Babies (and unborn babies) have a decreased ability to process drugs. Moms who took this drug in pregnancy also had higher rates of asthma in their children. Currently 35% of pregnant women take acetaminophen.

What’s a parent to do? If you want to help your child recover quickly from illness, supporting rather than suppressing the fever is the answer. Keep your child comfortable with cool compresses to the forehead and plenty of clear, no-sugar beverages and fresh soup broths. Sugar decreases the function of the immune system by half for 5-7 hours, so never give soda to a sick child. Be sure to keep him warm if he’s chilly. The correct homeopathic remedy can support the immune system and optimize the fever, helping the fever be stronger or more effective for a shorter period of time. Let his body do the tough work of destroying the bacteria quickly, so he can be back to feeling like himself sooner.

For references and links, please visit www.drlachman.com.

Dr. Lachman uses natural remedies for healing. A Naturopathic doctor in Bucks County, PA, Dr. Lachman is devoted to restoring your health naturally. Her medical training occurred at the Southwest College of Naturopathic Medicine in Phoenix, AZ. This 4-year program includes basic medical sciences, as well as drug therapy, botanical medicine, homeopathic medicine and Traditional Chinese Medicine.

As a naturopathic doctor, Dr. Lachman has helped decrease the pain of arthritis, reversed depression and helped women normalize their hormones. Naturopathic doctors can help patients even if they’ve been told, “You have to live with the pain,” “Drugs are your only option” or “There’s nothing more that can be done.” Naturopathic doctors are experts in complex cases. Visit her personal website HERE.

5 Reasons Kids Should Try Acupuncture

“You treat children?” I’m often asked this question by patients and others thinking about trying acupuncture. They are surprised that yes indeed acupuncture is used on children, in fact about 150,000 children in the US experienced acupuncture in 2007, according to the most recent large study of use of acupuncture.

“But doesn’t it hurt them?” This is often the next question. In my experience, treating children from newborns to young adulthood, the experience is not painful. The children are interested, they ask questions and they tell all of their friends about it. Results of a recent study revealed that 67% of patients and 60% of parents describe acupuncture experiences as positive or pleasant.

My practice is focused on fertility and pregnancy issues, so I often continue care by seeing my patients’ newborns. Another part of my practice is pain management. It’s through educating my adult patients about how I may be able to help their children for their pain like sport injuries that I see older children since 70% of patients and 59% of parents reported the treatment was helpful in alleviating pain. I’ve listed here the most common conditions I treat for kids.

1.  Allergies:  Running nose, headaches, post-nasal drip. How can we expect even the most dedicated young students to focus in school during seasonal allergies? Acupuncture works to open the nasal passages and reduce hayfever symptoms. A recent study of 72 children received acupuncture over 8 weeks. During the following three months, these children reported a reduction in rhinitis and more symptom-free days then the control group, which did not receive acupuncture. Food allergies may also be positively effected with acupuncture. Digestive issues of all kinds, from constipation to diarrhea, can be relieved with acupuncture and herbs.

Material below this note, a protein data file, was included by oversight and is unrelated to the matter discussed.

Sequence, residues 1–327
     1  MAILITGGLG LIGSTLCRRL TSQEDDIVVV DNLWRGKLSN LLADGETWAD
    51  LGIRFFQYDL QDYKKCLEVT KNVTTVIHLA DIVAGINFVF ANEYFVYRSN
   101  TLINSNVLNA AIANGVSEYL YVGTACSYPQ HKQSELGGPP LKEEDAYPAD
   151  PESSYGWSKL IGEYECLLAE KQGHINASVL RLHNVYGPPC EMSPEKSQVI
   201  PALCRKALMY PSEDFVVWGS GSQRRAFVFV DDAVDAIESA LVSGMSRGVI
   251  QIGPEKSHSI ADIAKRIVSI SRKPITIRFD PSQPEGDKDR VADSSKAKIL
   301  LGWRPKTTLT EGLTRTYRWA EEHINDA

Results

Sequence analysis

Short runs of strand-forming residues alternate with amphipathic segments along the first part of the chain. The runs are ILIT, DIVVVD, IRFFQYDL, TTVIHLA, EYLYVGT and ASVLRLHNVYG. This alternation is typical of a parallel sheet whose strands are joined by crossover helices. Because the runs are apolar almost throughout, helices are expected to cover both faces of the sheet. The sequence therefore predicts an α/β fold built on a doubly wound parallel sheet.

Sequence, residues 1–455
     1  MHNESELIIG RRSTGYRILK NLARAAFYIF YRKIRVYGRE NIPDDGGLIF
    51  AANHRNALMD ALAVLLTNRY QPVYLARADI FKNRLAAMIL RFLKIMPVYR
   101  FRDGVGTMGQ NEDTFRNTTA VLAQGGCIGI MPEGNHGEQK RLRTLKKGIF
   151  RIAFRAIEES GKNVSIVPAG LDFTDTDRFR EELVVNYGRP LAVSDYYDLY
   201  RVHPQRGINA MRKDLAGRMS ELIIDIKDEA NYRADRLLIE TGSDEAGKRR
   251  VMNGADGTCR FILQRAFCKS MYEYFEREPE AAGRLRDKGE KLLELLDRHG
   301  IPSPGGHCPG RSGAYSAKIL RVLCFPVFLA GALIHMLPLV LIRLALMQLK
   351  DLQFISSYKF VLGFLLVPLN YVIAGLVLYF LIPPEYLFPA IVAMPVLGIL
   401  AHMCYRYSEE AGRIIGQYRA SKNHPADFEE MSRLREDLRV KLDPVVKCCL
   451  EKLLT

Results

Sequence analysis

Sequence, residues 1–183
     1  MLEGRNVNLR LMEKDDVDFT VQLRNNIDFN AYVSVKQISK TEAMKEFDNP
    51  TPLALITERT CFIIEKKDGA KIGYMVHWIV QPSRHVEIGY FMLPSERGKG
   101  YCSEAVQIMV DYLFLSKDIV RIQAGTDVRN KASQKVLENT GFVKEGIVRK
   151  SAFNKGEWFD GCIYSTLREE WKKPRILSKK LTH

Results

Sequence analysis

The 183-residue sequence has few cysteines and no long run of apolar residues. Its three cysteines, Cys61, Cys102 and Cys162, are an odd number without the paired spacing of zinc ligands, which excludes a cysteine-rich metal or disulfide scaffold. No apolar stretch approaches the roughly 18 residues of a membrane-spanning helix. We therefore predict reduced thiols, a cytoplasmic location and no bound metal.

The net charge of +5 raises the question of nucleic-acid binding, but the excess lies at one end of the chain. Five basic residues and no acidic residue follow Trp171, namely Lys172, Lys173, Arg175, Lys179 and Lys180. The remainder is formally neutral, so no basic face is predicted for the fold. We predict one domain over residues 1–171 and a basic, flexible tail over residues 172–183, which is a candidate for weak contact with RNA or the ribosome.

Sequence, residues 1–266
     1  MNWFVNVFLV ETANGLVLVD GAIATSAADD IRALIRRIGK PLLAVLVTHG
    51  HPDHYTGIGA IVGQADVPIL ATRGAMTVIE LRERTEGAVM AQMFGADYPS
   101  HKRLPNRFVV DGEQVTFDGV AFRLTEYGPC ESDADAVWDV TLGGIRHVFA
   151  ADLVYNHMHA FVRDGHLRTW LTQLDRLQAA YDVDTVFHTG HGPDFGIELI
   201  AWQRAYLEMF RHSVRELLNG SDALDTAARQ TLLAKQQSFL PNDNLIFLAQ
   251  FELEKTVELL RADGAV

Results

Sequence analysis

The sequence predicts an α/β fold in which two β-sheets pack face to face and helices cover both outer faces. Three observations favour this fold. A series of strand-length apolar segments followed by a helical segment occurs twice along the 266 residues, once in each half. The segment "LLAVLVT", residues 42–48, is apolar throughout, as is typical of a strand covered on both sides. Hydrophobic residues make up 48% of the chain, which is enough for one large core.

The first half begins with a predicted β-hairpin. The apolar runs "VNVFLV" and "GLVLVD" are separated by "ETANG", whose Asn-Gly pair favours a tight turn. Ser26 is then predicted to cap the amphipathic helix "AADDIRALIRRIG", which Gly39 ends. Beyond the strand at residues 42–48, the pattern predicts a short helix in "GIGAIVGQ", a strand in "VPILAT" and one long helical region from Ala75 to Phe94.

2.  Hormone Changes:  During puberty is often when I meet my adult patient’s daughters for the first time, as they are looking for an alternative for painful periods. Acupuncture can be a wonderful solution and has been used to regulate the menses and reduce cramping for thousands of years.  Often western medicine’s solution to irregular and painful menses is oral contraception. With side effects of headaches, acne, weight gain, breast tenderness and serious long-term possible effects of blood clots, breast and liver cancers, strokes and heart attacks, surely we can look at natural alternatives for our young daughters. By moving the energy, or qi, in the body, young women often respond quickly and positively to acupuncture.

3.  Chronic Pain:  Pain is the number one reason adults try acupuncture. Why should it be any different for young people? Well-documented studies have proven over and over the effects of acupuncture in reduction of pain. Most studies translate this effect to the release of endorphins, the body’s natural painkiller, along with an increase in blood circulation and reduction in muscle tension. In a recent study, almost half the participants experienced a 50% reduction in current pain ratings after acupuncture. There was also a significant increase in functioning according to both child and parents’ reports, and a reduction in pain during physical activity and activities with friends. Over 140 hospitals in the US are using acupuncture for children. Common conditions treated include cancer pain, fibromyalgia, headaches, migraines, neuropathic pain, muscle pain and rheumatologic conditions.